By BO MYERS
A federal court in Pittsburgh ruled Monday, Sept. 14, that Pennsylvania Gov. Tom Wolf and Health Secretary Racheal Levine’s lockdown orders were unconstitutional.
Specifically, the ruling was based on the order that all “non-life-sustaining businesses to close” as well as the restrictions on indoor gatherings. Judge William Stickman IV said the limits on gatherings of 25 people indoors and 250 out of doors, as well as the stay-at-home and business closure components of the orders issued by the Wolf Administration, were both unconstitutional.
Stickman ruled that Wolf’s order was unconstitutional and violates the 1st Amendment rights of Pennsylvania citizens. He added:
“Congress shall make no law respecting an establishment of religion, or prohibiting the free exercise thereof; or abridging the freedom of speech, or of the press, or the right of the people peaceably to assemble, and to petition the government for a redress of grievances.”
Butler, Greene, Fayette, and Washington counties are listed as plaintiffs in the suit. The counties had filed a lawsuit, claiming the shutdown orders were unconstitutional. Two Butler County commissioners initiated the lawsuit and were joined by other county executives from Greene, Fayette, and Washington counties.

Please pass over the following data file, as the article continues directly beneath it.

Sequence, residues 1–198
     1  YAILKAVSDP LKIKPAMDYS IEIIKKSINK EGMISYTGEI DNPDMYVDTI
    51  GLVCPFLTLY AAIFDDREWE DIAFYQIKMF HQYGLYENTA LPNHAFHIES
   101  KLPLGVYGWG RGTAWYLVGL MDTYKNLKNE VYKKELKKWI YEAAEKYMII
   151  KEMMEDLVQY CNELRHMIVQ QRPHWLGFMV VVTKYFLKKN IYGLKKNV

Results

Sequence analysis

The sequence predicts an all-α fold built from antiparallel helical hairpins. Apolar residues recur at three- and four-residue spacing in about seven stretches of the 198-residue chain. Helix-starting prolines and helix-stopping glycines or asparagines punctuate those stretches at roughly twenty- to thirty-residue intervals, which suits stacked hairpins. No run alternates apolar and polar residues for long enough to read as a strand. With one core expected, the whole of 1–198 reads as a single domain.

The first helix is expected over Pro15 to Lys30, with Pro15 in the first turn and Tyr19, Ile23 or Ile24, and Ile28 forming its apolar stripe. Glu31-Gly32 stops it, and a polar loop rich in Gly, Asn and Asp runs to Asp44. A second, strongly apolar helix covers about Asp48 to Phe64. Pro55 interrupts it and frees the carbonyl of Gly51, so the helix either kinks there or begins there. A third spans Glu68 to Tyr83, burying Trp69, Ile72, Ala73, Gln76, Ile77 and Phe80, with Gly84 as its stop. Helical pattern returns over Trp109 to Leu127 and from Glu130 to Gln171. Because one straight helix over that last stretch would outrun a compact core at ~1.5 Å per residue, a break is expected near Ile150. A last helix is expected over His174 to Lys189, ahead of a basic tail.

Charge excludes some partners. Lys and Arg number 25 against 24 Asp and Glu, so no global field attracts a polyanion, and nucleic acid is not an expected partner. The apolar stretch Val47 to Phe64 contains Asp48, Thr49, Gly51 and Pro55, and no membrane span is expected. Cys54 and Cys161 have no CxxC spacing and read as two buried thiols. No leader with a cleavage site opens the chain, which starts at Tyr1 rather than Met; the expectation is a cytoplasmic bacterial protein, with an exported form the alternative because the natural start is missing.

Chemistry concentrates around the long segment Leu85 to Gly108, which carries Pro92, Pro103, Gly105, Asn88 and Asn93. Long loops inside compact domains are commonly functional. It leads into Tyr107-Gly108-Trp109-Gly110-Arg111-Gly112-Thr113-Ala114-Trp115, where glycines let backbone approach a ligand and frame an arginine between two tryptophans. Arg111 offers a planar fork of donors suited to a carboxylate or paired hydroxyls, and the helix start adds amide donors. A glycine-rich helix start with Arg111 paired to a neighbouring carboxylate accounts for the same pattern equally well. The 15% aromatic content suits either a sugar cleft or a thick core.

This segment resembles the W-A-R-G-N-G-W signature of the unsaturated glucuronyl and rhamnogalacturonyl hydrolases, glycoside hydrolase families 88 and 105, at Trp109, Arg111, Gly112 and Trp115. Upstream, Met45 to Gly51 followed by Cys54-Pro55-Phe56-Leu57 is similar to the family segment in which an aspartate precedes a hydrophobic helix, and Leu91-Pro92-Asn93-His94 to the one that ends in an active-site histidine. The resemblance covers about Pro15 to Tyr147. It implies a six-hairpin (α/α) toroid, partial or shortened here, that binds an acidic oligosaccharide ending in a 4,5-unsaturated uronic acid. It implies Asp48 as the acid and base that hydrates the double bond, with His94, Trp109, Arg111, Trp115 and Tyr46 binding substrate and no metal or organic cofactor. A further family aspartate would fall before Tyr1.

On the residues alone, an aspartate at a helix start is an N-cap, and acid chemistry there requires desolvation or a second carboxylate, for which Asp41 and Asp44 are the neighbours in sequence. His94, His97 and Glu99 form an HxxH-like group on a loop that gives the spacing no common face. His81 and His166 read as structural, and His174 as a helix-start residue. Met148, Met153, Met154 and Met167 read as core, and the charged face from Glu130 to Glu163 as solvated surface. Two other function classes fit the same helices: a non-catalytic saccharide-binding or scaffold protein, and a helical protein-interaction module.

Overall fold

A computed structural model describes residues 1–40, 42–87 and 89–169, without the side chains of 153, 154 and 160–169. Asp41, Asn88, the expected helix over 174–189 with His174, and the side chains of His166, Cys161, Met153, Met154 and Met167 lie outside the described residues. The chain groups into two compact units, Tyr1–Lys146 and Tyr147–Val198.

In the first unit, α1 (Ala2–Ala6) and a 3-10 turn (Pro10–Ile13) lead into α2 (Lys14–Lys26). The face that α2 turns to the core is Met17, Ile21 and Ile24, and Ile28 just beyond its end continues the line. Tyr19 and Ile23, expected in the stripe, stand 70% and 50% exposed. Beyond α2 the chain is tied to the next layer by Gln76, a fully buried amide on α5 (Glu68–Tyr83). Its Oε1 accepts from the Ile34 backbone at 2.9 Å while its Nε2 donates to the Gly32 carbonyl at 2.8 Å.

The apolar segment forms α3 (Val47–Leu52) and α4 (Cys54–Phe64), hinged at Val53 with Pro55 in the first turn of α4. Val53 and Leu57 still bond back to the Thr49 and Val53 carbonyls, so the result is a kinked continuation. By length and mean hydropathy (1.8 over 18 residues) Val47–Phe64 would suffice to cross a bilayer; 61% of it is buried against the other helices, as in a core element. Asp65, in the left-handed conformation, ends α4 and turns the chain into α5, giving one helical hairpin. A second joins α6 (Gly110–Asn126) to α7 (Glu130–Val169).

Stickman, an appointee of President Donald Trump, wrote in his ruling that Wolf pandemic policies have been overreaching, arbitrary, and violated citizens’ constitutional rights.
The Wolf administration has no intentions of letting a federal court cease the shut down, and has already filed an appeal to the U.S. court of appeals.
As of right now, the order is still in place. There is currently a bill on the governor’s desk (HB 2787) that would reverse the shutdown. Wolf is not expected to sign it, and he has tossed back and forth the idea of a veto. The Republican-controlled Pennsylvania Congress will likely attempt to overturn a possible veto.
Cranberry High School Vice Principal Shawn Deemer responded to a question regarding whether or not parents will be allowed within the school if the order is lifted with a simple “yes.” He added that, “The school will always follow the governor’s order.”
As of right now, spectators are not permitted to attend events. However, Deemer explained that spectators will be allowed within the gymnasium “as soon as we get the okay.”
The governor has five days left to veto the bill, but if he doesn’t, the bill becomes law. This, in turn, means that the order is lifted.
As said by the Governor’s spokeswoman Lindsay Kensigner, “The ruling does not impact any of the other mitigation orders currently in place including, but not limited to, the targeted mitigation orders announced in July, mandatory telework, mandatory mask order, worker safety order, and the building safety order.”
The Governor has no intentions of backing down, clarifying that “he will appeal as far as he needs to keep Pennsylvanians safe.”
This matter will certainly evolve over the next few days, so be sure to keep an eye out for any further developments.
Bo Myers and Nick Richar are students at Cranberry High School and members of Cranberry Chronicles, the school’s journalism/publications class.